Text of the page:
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By the most superficial measures of Vatican diplomacy, Pope Francis’s recent visit to Iraq was an outstanding success. He bolstered the country’s remaining Christian population and advanced his efforts to bring the Abrahamic faiths together by meeting Grand Ayatollah Ali al-Sistani as well as giving an address at Ur—the site of Abraham’s birth. The trip put Iraq back in the headlines for something other than the Islamic State, rocket attacks on the U.S. Embassy, Iran, refugees, or the host of other problems that have convulsed the country since the U.S. invasion in 2003. And there was no doubt that the pope seemed to be getting his mojo back; like everyone else, he seemed to be very happy to step out of his house for the first time in a year.
The only controversy came at the meeting in Ur, where there were no Jewish representatives—either because there are so few, and thus hard to find, in Iraq or Iraqi officials did not invite them. Still, the pope’s Iraqi sojourn was awash in positive symbolism and undeniably moving.
The question is, now what? The pontiff—a word derived from the Latin for “bridge builder”—is now back in Rome, and in time, the posters and murals that welcomed Francis will fade. Iraq’s problems will remain. That’s why analysts tend to treat these kinds of visits as sideshows. They are nice in the moment, but that’s about it. Sure, in a previous visit to the Middle East, Francis and the grand imam of al-Azhar, Sheikh Ahmed el-Tayeb, signed what was called the “Document on Human Fraternity for World Peace and Living Together,” but there has not been a lot of fraternity and peace in the Middle East over the two years since.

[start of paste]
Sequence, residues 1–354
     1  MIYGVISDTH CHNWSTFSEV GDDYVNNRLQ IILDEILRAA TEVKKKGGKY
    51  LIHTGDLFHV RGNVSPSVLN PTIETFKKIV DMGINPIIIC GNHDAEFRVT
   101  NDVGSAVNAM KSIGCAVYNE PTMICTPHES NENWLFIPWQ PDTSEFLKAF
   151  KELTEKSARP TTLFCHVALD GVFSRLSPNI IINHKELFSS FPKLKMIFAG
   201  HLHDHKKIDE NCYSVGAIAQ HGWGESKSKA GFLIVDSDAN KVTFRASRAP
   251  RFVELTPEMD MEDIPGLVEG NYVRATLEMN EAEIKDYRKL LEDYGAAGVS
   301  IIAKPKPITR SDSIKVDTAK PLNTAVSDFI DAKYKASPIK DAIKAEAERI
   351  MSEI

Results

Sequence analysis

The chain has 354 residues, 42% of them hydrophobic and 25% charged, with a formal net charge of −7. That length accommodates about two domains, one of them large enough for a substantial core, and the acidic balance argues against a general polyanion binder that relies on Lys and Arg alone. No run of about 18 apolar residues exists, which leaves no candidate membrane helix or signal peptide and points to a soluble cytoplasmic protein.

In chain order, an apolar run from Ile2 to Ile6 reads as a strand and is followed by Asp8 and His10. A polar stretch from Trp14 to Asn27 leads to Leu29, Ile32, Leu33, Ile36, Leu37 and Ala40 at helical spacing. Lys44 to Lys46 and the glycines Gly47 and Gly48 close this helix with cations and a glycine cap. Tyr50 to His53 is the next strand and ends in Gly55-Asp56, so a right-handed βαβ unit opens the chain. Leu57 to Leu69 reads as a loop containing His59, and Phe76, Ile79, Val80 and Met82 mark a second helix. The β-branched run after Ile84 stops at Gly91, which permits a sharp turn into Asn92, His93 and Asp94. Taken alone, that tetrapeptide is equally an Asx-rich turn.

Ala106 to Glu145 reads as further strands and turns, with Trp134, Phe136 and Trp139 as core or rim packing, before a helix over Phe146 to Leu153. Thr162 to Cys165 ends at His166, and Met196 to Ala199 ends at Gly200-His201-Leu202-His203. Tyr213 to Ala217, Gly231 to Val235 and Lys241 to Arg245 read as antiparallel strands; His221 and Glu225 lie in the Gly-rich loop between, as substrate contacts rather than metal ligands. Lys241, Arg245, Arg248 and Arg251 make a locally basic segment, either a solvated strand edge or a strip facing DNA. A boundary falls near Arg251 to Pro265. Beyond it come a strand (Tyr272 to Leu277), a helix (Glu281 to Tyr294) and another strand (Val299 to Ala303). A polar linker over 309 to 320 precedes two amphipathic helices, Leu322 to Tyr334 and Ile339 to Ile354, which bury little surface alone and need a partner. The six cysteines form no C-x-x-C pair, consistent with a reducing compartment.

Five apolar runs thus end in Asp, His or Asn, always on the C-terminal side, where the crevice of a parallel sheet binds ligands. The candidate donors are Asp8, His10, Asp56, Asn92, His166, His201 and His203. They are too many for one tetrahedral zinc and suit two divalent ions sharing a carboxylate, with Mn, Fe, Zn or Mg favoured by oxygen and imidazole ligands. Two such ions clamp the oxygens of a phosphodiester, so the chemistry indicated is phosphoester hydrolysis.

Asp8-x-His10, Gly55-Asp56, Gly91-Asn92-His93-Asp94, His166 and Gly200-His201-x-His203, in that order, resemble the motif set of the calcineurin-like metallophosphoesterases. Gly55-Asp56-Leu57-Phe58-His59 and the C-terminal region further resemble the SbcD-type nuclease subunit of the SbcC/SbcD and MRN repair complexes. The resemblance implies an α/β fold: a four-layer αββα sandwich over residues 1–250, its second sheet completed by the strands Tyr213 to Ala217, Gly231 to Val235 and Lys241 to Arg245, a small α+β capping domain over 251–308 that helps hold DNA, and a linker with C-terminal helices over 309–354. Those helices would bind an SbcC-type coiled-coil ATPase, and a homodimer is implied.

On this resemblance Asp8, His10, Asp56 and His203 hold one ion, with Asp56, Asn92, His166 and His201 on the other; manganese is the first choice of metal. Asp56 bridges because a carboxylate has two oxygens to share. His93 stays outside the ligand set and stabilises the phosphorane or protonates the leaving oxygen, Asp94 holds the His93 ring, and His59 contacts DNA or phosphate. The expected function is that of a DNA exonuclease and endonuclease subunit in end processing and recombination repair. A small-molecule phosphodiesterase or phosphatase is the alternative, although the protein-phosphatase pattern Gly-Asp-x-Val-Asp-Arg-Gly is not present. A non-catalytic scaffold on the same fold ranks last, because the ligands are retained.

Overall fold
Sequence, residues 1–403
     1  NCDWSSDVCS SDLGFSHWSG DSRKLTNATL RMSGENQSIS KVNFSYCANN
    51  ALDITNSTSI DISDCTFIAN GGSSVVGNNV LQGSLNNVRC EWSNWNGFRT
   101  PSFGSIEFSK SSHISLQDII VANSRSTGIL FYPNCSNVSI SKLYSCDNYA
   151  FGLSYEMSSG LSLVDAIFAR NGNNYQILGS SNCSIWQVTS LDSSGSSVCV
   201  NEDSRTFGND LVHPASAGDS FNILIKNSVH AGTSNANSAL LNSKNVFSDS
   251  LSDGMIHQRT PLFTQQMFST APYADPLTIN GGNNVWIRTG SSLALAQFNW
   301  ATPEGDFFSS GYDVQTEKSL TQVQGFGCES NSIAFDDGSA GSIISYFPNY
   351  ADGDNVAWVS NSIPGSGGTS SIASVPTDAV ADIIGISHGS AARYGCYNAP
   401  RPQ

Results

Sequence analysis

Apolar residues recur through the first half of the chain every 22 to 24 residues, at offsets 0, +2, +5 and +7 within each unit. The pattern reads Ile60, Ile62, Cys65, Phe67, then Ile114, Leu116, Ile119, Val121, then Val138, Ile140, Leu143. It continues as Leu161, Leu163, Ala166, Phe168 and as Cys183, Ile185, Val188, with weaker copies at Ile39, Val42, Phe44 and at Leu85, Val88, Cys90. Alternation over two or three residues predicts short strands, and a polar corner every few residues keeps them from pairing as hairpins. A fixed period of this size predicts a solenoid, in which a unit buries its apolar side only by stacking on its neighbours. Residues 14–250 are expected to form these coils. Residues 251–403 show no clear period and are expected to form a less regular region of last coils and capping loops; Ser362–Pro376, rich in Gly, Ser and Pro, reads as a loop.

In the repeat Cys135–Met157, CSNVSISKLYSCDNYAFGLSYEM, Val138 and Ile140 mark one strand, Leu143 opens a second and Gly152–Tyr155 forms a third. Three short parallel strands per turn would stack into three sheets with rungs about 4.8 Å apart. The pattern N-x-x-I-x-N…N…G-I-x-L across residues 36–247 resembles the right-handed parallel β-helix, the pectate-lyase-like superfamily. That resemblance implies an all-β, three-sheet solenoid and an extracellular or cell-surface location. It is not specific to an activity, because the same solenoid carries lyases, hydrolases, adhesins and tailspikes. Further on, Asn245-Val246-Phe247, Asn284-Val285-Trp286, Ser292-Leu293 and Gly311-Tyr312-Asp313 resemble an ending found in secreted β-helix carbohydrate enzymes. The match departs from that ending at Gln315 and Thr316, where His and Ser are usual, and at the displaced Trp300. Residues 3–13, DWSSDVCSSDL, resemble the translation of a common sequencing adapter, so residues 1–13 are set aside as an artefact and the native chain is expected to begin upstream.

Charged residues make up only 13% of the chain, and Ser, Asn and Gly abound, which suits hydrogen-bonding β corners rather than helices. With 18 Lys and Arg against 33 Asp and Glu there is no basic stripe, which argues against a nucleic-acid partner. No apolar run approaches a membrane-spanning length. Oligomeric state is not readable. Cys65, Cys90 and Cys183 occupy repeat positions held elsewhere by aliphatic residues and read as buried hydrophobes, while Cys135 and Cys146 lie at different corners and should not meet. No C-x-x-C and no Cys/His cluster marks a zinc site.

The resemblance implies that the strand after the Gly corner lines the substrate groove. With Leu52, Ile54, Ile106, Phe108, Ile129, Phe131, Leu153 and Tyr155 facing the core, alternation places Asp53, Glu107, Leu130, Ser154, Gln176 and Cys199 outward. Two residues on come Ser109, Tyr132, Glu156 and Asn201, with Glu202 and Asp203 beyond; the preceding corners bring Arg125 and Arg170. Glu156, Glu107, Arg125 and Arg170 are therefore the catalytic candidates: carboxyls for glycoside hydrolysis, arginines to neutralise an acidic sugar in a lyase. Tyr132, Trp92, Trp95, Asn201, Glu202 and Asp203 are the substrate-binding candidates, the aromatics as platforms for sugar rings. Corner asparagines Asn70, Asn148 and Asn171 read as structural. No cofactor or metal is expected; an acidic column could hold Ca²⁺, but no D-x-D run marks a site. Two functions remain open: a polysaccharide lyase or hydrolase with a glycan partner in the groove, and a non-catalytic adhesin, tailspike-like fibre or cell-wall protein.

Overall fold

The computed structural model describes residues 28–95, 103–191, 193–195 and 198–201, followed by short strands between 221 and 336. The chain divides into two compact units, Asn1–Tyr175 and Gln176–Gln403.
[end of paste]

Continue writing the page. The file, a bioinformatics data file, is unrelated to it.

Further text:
This may be excessively cynical, however. There are reasons to think sustained Vatican attention to the Middle East will do some practical diplomatic good there.
On arriving in Iraq on March 5, the pope gave an address during which he stated: “How much we have prayed in these years for peace in Iraq! St. John Paul II spared no initiatives and above all offered his prayers and sufferings for this intention.” The reference to St. John Paul II toward the end of the speech was noteworthy. St. John Paul II was, of course, Pope John Paul II, who led the world’s Catholics from 1978 until his death in 2005. He had wanted to visit Iraq in 2000, but the Vatican could not come to an agreement with the Iraqi government. Perhaps Saddam Hussein and his advisors were suspicious of John Paul. I am willing to bet that Iraq’s deputy prime minister at the time, Tariq Aziz—a Chaldean Catholic—was aware of the extraordinary role the pope played in the great foreign-policy issues of his day.
John Paul was a critical moral force who encouraged Poland’s Solidarity movement to confront the communist government, which helped catalyze the end of the Cold War. He also supported the reunification of Europe, lent his prestige to the fight against apartheid, and opposed both Operation Desert Storm and the U.S. invasion of Iraq 12 years later. More generally, John Paul spoke out for freedom of expression and human rights in ways that gave those who worked toward these goals political and moral cover to pursue their agendas. When he succumbed to complications from the flu after a 27-year tenure, people of all faiths mourned his passing.